“Conservatives conspicuously lack esthetic sensibility.”
And here is my favorite, “And the sciences, though not intended to be, have become the opiate of the masses,” a play on Lenin’s statement that RELIGION is the opiate of the masses. (So, which is it, Fred?)

Hugh G. said...

Sounds like this guy picked up where Hunter Thompson left off.

Ricardo said...

Great post! I’m an atheist and a communist and believe everything Fred Reed has to say. If we could just get rid of “packery,” that would go a long way toward ending the struggle of the classes. Then the proletariat could emerge and gain control of the means of production and thereby bring about a just society. After that, a miracle would occur, the state would naturally wither away, and this would lead to a utopian, classless society, where everything worked on the basis of “From each according to his ability and to each according to his need.”
[At times I think I have too much time on my hands.]

Phil L. said...

Hey, dipsh*t Ricardo, did you ever stop to think that the poor and downtrodden and “oppressed” don’t care about equality and “social justice” and ‘from each according to his ability…’ etc. bs? All they want is to get rich.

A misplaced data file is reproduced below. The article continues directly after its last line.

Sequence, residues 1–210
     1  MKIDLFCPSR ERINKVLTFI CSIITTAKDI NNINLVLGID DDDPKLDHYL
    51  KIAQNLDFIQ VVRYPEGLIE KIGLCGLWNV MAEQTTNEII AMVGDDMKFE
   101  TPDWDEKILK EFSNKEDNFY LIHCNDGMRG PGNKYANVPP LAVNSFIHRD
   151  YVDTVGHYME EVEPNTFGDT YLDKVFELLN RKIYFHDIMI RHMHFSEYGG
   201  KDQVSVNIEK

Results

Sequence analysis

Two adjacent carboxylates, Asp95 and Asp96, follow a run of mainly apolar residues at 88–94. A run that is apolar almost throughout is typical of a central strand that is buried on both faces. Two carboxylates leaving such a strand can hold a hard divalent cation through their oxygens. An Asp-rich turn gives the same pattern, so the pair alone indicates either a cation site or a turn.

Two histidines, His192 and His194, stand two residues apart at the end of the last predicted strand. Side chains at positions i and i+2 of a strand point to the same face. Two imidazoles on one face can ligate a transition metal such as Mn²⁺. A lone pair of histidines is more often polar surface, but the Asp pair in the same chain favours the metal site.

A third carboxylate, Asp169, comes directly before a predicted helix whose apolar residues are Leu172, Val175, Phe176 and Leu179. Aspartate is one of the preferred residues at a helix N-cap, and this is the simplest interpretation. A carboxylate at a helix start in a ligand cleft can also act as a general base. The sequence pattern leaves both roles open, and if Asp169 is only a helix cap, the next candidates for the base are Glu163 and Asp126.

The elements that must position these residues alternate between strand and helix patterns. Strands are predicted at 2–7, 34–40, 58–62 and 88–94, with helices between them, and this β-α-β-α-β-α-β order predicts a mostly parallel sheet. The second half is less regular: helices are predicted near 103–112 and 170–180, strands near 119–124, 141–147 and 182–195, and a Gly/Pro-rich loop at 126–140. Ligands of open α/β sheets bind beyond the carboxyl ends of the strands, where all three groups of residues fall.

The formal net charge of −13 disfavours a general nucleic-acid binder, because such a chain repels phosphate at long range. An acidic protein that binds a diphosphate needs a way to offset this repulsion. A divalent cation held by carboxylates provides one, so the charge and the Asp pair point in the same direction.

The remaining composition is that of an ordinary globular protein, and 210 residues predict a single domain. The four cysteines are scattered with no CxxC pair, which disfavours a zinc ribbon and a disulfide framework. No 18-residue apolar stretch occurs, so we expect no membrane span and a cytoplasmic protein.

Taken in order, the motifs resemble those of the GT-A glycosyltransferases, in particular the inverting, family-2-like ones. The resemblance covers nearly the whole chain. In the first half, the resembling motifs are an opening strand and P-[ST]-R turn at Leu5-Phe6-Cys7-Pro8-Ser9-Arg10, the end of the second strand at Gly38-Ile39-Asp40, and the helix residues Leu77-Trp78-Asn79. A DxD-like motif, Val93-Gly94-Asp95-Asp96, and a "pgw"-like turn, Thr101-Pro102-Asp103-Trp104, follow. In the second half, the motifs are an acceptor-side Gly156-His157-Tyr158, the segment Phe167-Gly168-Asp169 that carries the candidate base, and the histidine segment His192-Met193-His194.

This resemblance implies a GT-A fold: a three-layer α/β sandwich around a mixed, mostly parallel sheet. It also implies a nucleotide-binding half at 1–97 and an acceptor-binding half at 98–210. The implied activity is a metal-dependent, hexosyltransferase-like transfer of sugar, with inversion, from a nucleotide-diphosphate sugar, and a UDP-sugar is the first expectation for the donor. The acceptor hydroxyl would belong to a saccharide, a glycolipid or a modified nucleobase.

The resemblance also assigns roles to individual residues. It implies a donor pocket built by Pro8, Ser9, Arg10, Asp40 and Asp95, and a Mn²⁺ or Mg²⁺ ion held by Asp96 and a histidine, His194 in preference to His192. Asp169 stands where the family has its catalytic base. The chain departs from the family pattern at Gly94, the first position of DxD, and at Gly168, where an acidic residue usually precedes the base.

Anonymous said...

I have a great idea! Why don't we all become Mennomaniacs?

Steve Heller said...

Great news for Fred Reed, Obama is not a patriot! When Herman Cain was asked on May 23rd about Obama as a man, he complimented his family life. But when asked whether the president was a patriot, Cain hesitated. After asking for a definition (a man who is working to do what he sees as right for his country), he simply said “no.”

Dr S said...

Glad to see old Fred got you guys all riled up!! :-> Let's stick with the main message - one person's patriot is another person's terrorist. The rest of his ranting is window dressing. I think that you all should watch this video, which will really push your buttons:

peace brothers :-)

Steve Heller said...

Great video! I will remind some of the guys to beware of hungry, strange dogs!

Bizzy Brain said...

Patton's take on patriotism: "The object of war is not to die for your country but to make the other guy die for his."

Also, "Battle is the most magnificent competition in which a human being can indulge. It brings out all that is best and it removes all that is base."